HARDLY a month after MDC-T deputy treasurer-general Elton Mangoma’s confidential letter pushing party leader Morgan Tsvangirai to step down caused a fierce storm, the embattled ex-Energy minister has struck again.
In a confidential letter to Tsvangirai, which was copied to the party’s standing committee, national and provincial executives, Mangoma demanded that the former Prime Minister should organise an early elective congress and stop the purge against dissenting voices within the party.
MDC-T organising secretary Nelson Chamisa and Tsvangirai’s spokesperson Luke Tamborinyoka said they were unaware of the latest letter and referred all questions to party spokesperson Douglas Mwonzora who was not reachable for comment.
But Mangoma’s legal representative Jacob Mafume confirmed that his client had written to Tsvangirai raising issues around constitutionalism.
Mangoma, who is still nursing assault injuries following his attack two weeks ago by suspected MDC-T youths angered by his push for leadership renewal, demanded a “constitutional audience” with Tsvangirai over issues raised in his initial letter.
The former Makoni North MP was assaulted alongside party secretary-general Tendai Biti and youth assembly secretary-general Promise Mkwananzi.
Part of Mangoma’s letter dated February 24, reads: “Since your receipt of the letter, we have held a number of meetings where your behaviour has been marked by belligerence and non-tolerance of views that are divergent to yours.”
Mangoma also accused Tsvangirai of convening an “unconstitutional” district chairpersons’ meeting two weeks ago where he was allegedly lampooned and labelled a traitor.
“The reasons for convening that meeting remain unclear. The criteria of choosing delegates for the stated meeting remains known only to you and a few among the leadership,” he wrote.
“In the actual meeting, you openly accused me of attempting a coup despite the fact I had handed to you this letter in private.
“Even more, I was not accorded the opportunity to set the record straight to the delegates, many of whom had very incorrect facts about ongoing developments,” Mangoma wrote.
“I remain worried that the meeting you called on February 15 was unconstitutional and tended to usurp the powers of the national council, the body mandated to deal with matters such as the one at hand.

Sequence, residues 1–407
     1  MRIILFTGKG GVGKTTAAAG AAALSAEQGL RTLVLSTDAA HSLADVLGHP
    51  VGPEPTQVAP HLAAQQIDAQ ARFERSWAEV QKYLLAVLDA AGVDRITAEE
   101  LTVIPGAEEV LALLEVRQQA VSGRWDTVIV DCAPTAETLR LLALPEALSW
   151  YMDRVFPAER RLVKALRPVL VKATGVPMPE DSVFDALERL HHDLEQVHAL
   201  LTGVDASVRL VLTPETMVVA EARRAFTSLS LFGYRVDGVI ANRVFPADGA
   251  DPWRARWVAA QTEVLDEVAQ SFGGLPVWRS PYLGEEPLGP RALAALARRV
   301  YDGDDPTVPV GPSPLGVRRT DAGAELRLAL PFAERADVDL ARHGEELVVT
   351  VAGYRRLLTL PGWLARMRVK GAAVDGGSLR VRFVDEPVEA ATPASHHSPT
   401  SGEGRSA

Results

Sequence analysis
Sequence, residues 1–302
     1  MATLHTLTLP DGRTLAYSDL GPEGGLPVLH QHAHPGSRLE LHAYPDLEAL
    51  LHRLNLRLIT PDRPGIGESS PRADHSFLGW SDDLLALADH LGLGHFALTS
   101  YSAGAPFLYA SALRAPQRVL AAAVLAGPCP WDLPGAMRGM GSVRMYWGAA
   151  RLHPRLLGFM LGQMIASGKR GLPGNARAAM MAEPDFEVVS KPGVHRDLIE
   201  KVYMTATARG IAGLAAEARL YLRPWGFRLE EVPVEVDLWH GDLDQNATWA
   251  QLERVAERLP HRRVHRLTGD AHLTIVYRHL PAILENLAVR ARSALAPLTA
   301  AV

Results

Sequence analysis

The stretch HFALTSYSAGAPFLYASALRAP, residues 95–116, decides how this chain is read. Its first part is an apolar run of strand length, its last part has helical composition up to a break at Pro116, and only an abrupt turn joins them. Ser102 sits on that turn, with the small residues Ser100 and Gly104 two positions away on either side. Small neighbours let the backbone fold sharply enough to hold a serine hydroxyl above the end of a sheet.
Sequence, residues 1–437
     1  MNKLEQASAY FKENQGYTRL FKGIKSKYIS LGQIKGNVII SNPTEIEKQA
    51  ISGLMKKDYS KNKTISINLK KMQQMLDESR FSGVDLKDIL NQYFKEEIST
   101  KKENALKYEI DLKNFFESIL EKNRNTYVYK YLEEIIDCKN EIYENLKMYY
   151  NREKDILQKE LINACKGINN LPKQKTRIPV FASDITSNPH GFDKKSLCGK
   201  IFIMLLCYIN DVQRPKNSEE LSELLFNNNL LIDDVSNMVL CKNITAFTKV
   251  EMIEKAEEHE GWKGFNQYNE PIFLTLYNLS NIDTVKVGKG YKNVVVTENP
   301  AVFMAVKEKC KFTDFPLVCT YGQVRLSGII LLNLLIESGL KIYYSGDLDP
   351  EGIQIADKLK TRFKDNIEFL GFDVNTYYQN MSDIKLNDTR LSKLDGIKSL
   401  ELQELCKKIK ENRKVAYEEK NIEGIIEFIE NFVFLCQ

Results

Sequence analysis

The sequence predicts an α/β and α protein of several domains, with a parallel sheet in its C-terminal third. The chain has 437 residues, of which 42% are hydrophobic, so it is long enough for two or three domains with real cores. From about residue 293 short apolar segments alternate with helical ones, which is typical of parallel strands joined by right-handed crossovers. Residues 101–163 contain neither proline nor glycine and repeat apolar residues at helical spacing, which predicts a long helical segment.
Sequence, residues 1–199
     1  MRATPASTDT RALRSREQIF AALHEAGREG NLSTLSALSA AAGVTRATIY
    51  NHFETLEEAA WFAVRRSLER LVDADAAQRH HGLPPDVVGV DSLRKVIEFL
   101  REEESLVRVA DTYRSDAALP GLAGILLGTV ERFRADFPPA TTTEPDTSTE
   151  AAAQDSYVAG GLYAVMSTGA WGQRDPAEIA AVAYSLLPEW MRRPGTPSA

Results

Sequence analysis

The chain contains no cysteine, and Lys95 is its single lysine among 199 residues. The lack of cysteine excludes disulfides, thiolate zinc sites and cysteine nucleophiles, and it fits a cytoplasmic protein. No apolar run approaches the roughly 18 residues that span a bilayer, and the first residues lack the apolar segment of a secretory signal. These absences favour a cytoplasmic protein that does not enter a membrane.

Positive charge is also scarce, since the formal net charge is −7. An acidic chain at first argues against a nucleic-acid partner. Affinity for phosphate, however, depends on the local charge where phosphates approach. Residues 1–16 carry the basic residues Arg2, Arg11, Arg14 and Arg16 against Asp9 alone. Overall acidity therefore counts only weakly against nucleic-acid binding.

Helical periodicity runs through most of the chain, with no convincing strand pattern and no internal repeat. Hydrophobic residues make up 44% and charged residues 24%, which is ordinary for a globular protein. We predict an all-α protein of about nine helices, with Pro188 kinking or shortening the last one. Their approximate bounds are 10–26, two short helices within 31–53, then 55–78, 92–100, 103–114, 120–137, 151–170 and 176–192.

“My observation is that we are getting more and more unconstitutional in the manner we are handling issues.”
He added: “Threats against my person and others perceived to be against you were made in the meeting and you did not censure the delegates who made those threats.”
Mangoma also demanded that as a way forward, the contents of his letter should be taken to the constitutional body such as the national executive and national council.
He said Tsvangirai should order an end to the current purge on MDC-T supporters perceived as working against the party leader.
“Stop and reverse the attempts to victimise and purge party leaders in the structures who are perceived to have contrary views with yours (and) that the contents of my letter be considered in the appropriate constitutional bodies and forums such as the national executive and the national council,” he said.
Mangoma accused Tsvangirai of being complicit in the intra-party violence that happened at Harvest House on February 15, saying as party leader he should have ordered the marauding party youths to disperse.
National executive member and Warren Park MP Elias Mudzuri yesterday condemned the intraparty violence rocking the MDC-T saying the clashes exposed party members to infiltration by Zanu PF.